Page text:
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The Supreme Court’s decision on health care subsidies — what you need to know

March 3, 2015, 7:20 PM UTC
Doctors Seek Higher Fees From Health Insurers
BERLIN, GERMANY - SEPTEMBER 05: A doctor holds a stethoscope on September 5, 2012 in Berlin, Germany. Doctors in the country are demanding higher payments from health insurance companies (Krankenkassen). Over 20 doctors' associations are expected to hold a vote this week over possible strikes and temporary closings of their practices if assurances that a requested additional annual increase of 3.5 billion euros (4,390,475,550 USD) in payments are not provided. The Kassenaerztlichen Bundesvereinigung (KBV), the National Association of Statutory Health Insurance Physicians, unexpectedly broke off talks with the health insurance companies on Monday. (Photo by Adam Berry/Getty Images)
Photograph by Adam Berry — Getty Images

The Supreme Court is set to hear arguments Wednesday in a case that could derail the Affordable Care Act (ACA), commonly referred to as Obamacare, and potentially increase the cost of insurance for millions across the U.S. It’s a big deal, and it has insurance companies, medical providers and everyday workers holding their breath.

Here’s what you need to know about King v. Burwell before the case kicks off in the nation’s top court.

What’s the case about?

In short, it’s about the legality of insurance subsidies provided by the federal government under the ACA to only those people enrolled through federal exchanges (i.e.

The ACA established exchanges where individuals and small businesses could buy coverage. The intention was for the states to do this on their own, but 34 states chose not to. Therefore, the federal government stepped in and launched for anyone in those particular states who wanted to shop for coverage.

The exchanges are where the subsidies come into play: the government allows for a subsidy for anyone registered through an exchange who cannot financially handle the full cost of a healthcare plan. According to the government’s interpretation of the ACA, the subsidy is available to anyone who buys insurance through any exchange, whether it was established by the federal government or a state.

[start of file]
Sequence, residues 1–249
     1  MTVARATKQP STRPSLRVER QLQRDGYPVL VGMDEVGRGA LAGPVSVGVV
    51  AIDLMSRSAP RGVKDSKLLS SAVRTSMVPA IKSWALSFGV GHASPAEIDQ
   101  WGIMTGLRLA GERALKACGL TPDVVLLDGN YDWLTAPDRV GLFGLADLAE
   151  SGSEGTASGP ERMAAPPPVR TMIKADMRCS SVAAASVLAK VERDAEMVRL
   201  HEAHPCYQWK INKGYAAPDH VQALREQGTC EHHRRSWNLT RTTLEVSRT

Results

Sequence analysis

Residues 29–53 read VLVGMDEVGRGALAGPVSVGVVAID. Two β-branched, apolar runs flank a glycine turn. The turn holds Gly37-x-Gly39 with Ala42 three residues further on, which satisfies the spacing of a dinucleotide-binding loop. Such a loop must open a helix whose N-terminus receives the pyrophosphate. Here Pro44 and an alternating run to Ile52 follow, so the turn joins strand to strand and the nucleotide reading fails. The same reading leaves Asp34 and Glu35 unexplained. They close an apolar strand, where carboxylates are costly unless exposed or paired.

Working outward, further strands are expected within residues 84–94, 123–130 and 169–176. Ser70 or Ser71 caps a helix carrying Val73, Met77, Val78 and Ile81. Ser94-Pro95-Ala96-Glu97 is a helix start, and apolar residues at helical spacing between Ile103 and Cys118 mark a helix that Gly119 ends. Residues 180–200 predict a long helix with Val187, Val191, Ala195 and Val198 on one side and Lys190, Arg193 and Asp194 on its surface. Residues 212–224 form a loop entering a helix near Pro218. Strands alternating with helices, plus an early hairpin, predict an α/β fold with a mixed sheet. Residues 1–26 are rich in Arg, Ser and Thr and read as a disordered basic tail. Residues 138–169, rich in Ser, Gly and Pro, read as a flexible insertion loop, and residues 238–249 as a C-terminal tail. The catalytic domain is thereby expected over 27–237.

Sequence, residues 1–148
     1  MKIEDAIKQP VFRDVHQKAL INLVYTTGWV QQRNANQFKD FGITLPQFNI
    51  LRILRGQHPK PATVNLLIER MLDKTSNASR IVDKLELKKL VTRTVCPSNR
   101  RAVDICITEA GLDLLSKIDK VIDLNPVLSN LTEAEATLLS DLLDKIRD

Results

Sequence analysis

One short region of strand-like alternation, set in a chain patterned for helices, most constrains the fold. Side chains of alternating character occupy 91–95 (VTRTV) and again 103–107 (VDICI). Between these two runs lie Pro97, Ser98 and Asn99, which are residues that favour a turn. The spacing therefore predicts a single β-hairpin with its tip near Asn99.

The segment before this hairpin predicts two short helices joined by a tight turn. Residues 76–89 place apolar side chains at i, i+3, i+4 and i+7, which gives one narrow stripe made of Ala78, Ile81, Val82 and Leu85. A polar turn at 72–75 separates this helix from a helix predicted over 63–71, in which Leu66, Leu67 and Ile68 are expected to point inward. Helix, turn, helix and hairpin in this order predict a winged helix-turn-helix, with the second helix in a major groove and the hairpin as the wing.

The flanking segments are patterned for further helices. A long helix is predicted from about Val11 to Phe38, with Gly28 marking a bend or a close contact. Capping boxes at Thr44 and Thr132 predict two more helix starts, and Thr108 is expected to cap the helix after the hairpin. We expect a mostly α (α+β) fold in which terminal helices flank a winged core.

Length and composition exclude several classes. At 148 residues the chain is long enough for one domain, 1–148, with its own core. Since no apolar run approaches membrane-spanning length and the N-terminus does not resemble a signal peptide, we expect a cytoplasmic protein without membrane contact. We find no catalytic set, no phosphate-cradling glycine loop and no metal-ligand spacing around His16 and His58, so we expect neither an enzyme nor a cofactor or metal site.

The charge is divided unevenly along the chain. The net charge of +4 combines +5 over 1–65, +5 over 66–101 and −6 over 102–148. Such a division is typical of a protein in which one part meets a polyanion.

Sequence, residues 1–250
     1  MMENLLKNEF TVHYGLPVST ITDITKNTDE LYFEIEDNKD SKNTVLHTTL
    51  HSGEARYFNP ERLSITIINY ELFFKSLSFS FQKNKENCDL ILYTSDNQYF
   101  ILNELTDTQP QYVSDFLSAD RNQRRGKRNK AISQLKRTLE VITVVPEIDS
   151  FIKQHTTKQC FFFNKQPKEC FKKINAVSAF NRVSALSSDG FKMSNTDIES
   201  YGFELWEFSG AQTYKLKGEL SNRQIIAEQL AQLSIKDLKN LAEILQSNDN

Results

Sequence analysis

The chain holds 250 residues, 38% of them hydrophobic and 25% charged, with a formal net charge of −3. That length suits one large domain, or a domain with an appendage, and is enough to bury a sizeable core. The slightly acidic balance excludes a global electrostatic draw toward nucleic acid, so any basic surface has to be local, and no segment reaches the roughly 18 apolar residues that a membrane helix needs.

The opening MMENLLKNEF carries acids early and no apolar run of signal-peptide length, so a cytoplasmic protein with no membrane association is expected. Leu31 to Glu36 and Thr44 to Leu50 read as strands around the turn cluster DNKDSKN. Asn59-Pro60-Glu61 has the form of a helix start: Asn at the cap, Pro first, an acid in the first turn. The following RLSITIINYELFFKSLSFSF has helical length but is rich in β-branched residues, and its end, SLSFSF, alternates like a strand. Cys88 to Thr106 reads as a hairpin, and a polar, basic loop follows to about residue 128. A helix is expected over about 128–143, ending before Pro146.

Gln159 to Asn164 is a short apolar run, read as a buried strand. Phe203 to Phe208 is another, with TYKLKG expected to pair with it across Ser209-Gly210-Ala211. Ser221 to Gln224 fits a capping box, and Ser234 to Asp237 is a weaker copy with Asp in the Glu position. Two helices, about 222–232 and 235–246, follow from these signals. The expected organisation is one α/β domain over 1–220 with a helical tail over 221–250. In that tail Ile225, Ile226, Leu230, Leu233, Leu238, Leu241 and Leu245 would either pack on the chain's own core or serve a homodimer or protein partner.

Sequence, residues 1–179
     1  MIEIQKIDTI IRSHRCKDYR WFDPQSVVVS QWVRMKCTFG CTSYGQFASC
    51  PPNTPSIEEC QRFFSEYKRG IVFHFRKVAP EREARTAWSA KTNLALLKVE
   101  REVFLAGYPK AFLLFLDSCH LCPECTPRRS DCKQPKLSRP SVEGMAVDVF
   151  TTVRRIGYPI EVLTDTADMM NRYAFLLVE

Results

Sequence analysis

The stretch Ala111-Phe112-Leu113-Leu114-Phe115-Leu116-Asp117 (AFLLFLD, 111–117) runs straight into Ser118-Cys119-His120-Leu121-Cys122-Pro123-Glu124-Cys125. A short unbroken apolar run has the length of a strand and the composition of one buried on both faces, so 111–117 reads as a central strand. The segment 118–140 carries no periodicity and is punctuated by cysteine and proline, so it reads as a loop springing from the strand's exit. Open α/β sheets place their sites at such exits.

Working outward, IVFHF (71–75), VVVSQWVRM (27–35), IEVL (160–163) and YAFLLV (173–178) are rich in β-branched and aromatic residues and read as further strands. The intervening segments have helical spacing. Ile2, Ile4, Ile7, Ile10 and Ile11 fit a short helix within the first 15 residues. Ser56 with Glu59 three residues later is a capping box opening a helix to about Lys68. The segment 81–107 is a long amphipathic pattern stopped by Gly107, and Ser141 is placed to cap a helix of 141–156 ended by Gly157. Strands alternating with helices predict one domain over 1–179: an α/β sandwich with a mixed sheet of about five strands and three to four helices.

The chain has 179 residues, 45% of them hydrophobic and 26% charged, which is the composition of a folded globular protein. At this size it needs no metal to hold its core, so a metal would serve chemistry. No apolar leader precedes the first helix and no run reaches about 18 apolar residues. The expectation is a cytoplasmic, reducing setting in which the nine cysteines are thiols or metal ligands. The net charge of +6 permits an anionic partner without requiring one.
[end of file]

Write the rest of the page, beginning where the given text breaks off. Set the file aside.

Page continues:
The King prosecution disagree. The ACA bill states the subsidies apply to “an Exchange established by the State,” and therefore the challengers allege that anyone who purchased coverage through a federal exchange is not eligible for a subsidy. Subsidies would only apply to those who bought coverage through a state-run exchange.

What’s at stake?

If the Supreme Court rules in favor of King, it would end up leaving millions without insurance because they would not longer be able to afford the premiums, or the deductible. Last year, over 5 million people bought insurance on federal exchanges and about 87% of them qualified for subsidies. If those people opt out of buying insurance, it could end up making everyone’s healthcare a lot more expensive in the affected states.

What could happen if the subsidies are struck down?

The worst case scenario? A “death spiral” of rising insurance costs for everyone in the 34 states where federal subsidies would no longer apply, according to Simon Lazarus, senior counsel to the Constitutional Accountability Center.